email: tony@lathes.co.uk
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Abwood Milling Attachment


Abwood Tool & Engineering Co. Ltd. Of Abbey Wood, London S.E.2 , were a company well known for their range of milling machine accessories and, in later years, fine-quality grinding machines. In the early 1920s they introduced a milling attachment mounted on a 4.25" x 3" foot plate that was designed to mount on the bed of a small lathe. Although widely advertised as being especially suitable for the Drummond 3.5-inch, was possible to adapt the accessory to fit almost any similar machine - only the base needing to be altered. Instead of being a cheap and inefficient unit, this was a very well-engineered and heavy affair that that used shafts and gears instead of belts. A horizontal bar, held in a 3-jaw chuck (or fitted into the Morse taper spindle of the lathe), took the drive forwards to a pair of bevel gears that turned a long vertical shaft provided with a keyway. At the top the shaft passed through a bevel gear pair that turned the drive horizontally  - with a third pair of bevels arranged to drive the vertical cutter spindle. Like the post-WW2 and better known Rodney units, as the drive came from the lathe's headstock and passed through 1 : 1 gearing, the milling cutter had the same range of speeds as the lathe.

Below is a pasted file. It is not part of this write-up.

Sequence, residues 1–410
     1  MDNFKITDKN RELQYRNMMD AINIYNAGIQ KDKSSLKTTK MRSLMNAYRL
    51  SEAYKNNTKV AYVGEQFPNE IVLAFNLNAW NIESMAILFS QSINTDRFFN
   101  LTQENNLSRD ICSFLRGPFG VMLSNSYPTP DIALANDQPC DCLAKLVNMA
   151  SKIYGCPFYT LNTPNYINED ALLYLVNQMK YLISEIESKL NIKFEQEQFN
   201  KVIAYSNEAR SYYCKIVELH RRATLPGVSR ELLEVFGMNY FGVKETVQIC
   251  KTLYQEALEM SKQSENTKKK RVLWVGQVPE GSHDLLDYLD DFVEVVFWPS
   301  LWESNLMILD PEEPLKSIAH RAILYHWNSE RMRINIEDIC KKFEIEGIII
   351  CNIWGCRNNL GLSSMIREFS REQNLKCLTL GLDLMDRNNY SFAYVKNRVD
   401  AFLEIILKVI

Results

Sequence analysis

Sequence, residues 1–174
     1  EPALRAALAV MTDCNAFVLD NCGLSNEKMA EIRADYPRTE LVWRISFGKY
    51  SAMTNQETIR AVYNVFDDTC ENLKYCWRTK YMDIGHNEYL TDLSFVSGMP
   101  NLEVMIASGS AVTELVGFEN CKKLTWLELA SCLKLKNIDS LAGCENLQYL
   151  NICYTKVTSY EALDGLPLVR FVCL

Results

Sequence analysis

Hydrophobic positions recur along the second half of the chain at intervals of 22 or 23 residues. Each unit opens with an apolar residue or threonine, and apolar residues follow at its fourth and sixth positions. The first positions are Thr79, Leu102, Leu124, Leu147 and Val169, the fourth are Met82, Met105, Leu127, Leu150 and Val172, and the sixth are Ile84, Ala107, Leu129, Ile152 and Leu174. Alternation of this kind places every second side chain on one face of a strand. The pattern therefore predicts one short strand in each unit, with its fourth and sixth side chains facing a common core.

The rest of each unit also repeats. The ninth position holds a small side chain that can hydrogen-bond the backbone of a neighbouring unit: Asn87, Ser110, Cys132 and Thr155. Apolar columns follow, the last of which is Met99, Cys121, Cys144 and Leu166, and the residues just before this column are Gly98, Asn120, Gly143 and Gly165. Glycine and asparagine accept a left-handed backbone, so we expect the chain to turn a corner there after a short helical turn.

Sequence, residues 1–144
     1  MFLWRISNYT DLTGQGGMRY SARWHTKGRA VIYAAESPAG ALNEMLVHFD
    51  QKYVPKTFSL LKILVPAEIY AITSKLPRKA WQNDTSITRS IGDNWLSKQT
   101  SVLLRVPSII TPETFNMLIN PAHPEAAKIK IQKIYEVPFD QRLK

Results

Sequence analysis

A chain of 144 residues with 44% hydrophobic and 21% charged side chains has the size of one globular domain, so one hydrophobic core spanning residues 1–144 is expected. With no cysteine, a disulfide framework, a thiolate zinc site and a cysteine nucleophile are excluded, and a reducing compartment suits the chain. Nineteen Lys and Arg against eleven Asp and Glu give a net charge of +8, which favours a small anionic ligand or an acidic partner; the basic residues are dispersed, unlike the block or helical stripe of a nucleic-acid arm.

A coarse setting for the height of the head was provided by unlocking the front section of the unit and adjusting its position on the main casting - with a fine feed provided by a 1/2" x 10 t.p.i. threaded rod attached to the side of the spindle housing that gave a travel of about 2 inches. The distance between spindle centre line and the inside of the main casting was 7 inches and the maximum clearance between spindle nose and table the same. In 1930 the unit sold for seven guineas, another way of expressing 7 : 7s : 0d
As examples of this unit are very rare, if any reader has one the writer would be interested to know..

Abwood milling attachment from the 1920s and 1930s
The unit is shown mounted on a lathe just to the right of the gap in the bed

Abwood advertisement from 1929. A guinea was a pound and one shilling. In 1929 a skilled worked might have earned 4 : 10s : 0d for a 6-day week


email: tony@lathes.co.uk
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Abwood Milling Attachment